Katherine Myers

Branch: Navy

Duty Station: Joint Base Pearl Harbor-Hickam

Number of Deployments: 4

Number of PCS's: 7

Share your military spouse story:
When my husband first joined the Navy in 2007 we were thrilled with the prospect of our new adventure with our little girls! Little did I know, the following two years would be the most lonely and isolating experience of my life thus far. I had no support, connection, and had no idea what the Navy was about or of any resources for me. When my husband commissioned two years later, I vowed to flip that script for myself and others coming alongside and behind me. I began to invest my time heavily in all command resiliency teams, and began volunteering at NMCRS. That initial experience served as the foundation for all I have done since, and has helped me to be able to function during the three difficult deployments that followed the first, back when I had no support or guidance. With each consequent duty station, from Seabees to Overseas, to Marines, and now a Joint environment; I have built upon my skills and utilized my experiences to promote resilience and growth in myself and other spouses as well. Being transparent with others about my own experiences and challenges (giving birth to our third child while my spouse was somewhere out there in Afghanistan, or dealing with the demoralizing job prospects on my base); this has helped me to be a credible and trusted resource for my fellow spouses. I do not take for granted my experiences, both good and bad- but I also acknowledge that it is ok to not be ok sometimes.

Share an example of your leadership experience within the military community:
I have been part of many command resiliency teams, have been part of the leadership board for two NMCRS offices, and have been a housing advocate for military families. I have served in numerous roles for the religious ministries department on base including VBS Director and co-facilitator for a deployed ministry at the base chapel.

Describe your involvement in the military community:
I am a work and family life consultant for the military community through military and Family Support Center, providing Relocation, Emergency, and Deployment support, facilitation, and resources. I spent 8 years doing casework and other roles for NMCRS, with over 2000 volunteer hours devoted to the society to help Sailors and Marines. My first goal upon arrival to any new duty station is to dive in and connect with the community as much as possible, whether through command involvement (such as making hundreds of cookies to give to single Sailors, or making beds for Marines returning from deployment).

Describe how you support your community:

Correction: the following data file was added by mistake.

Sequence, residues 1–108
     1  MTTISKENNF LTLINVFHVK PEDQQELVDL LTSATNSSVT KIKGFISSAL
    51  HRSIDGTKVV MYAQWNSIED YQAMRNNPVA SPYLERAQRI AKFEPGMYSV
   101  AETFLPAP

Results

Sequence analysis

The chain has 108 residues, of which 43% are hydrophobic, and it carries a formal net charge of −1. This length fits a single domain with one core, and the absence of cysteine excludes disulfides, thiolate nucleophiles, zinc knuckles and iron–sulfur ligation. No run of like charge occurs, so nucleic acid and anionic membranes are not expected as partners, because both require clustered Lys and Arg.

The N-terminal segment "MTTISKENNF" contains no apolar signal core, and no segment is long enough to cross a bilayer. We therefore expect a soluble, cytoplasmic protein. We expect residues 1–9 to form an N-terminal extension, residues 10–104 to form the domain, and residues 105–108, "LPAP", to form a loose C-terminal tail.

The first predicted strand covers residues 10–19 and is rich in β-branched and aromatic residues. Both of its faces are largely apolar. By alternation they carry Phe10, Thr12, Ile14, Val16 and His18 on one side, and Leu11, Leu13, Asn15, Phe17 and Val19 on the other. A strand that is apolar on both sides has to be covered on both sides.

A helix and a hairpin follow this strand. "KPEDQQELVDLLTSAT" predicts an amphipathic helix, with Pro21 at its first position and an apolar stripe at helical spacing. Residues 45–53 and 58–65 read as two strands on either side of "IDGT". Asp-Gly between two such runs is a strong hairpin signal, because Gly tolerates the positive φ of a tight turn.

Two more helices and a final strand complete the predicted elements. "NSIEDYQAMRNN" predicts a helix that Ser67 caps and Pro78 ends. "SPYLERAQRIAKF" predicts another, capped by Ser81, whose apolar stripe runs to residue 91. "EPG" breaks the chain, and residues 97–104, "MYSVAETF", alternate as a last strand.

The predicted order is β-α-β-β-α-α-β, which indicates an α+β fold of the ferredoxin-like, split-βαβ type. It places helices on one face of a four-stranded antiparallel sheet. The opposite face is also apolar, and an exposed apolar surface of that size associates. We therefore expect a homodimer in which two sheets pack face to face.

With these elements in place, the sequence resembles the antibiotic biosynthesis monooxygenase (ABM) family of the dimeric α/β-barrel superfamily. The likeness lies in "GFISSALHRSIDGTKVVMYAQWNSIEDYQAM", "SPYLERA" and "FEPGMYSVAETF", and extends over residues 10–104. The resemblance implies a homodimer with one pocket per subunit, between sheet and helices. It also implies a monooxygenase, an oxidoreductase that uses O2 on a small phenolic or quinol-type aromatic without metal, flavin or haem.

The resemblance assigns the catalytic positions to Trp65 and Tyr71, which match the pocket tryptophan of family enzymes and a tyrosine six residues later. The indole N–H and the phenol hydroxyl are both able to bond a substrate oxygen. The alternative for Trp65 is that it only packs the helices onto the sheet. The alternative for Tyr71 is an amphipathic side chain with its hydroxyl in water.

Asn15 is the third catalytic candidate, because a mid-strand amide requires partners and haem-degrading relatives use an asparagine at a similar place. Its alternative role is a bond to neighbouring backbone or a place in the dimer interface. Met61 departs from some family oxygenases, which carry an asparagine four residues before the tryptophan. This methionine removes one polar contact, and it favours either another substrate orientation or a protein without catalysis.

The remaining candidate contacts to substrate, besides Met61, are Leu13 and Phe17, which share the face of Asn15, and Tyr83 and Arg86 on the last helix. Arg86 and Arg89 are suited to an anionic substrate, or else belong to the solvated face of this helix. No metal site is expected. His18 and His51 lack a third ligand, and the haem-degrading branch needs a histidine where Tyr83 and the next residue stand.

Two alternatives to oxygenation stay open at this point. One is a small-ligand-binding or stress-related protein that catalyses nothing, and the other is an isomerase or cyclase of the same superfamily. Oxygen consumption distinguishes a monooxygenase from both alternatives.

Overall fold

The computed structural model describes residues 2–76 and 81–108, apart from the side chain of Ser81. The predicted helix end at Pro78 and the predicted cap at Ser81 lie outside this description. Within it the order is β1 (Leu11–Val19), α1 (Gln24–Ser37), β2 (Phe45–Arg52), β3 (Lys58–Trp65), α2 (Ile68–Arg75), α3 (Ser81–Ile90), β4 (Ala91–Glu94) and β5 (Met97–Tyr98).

I support my community by being as knowledgeable as possible about local, base, and regional resources- this is critical as many (like myself when we first joined) have no idea what is out there to help them. I also feel like it is important to provide hope to the military community, whether it is in a briefing that I facilitate onboard a ship, or to a spouse who is struggling with small children at home and a limited income. Being educated and empathetic have been foundational in my support for the community.

What do you advocate for? Why?
I advocate for military spouse employment, financial education, mental health, and military resiliency. Each of these areas has had a profound impact on my personal life, and the more I engage with the community- I realize that they affect most of them too. I have struggled with food insecurity as a military spouse and never want anyone to experience what I did- this has made me passionate about financial education. Being part of combat communities has given me on the spot, real time experience with mental health stigma and opportunities which has been so critical in how I engage and what I am interested in being more educated in. Military resiliency is an opportunity to educate people on tools and skills so they can bounce forward during times of stress. Military spouse employment I could write about for weeks- it is so demoralizing to be called something like “dependa” when giving your best years and career building time to follow a spouse. I want to change that.

How have you spread the message of your platform/advocacy?
Through my work and volunteer engagements. Through social media, private messaging, and trusted counsel.

What do you hope to accomplish with the AFI Military Spouse of the Year® title?
Empower military spouses, children, and service personnel to be able to thrive and succeed in their current state and position. Provide more tools and resources to that community, bringing awareness to glaring issues like food insecurity and financial distress due to inability to find meaningful employment. Help to be part of the movement to remove stigma from mental health seekers.


Katherine is the military spouse we all should strive to be. We met 10 years ago while our husbands served with the Navy Seabees and became friends because of our common desire to help others. As a spouse of a chaplain, Katie is always the first to lend a hand, support the command, and advocate for other spouses. She, her husband, and their four children have faced several intense deployments with compassion, grace, and determination. During each deployment and new duty station, Katie has served with distinction in her community. While working at Navy Marine Corps Relief Society, installation libraries, Fleet and Family, and now as the Work and Family Life Consultant for a Family Support Center, Katie is a light of hope to all she meets. Katie's hospitality and sense of humor put military families at ease and make them feel supported. She is working toward a Masters in Social Work to better serve her military community as well. Katie truly embodies the character of MSOY every day.
- by Angela Joy Litteral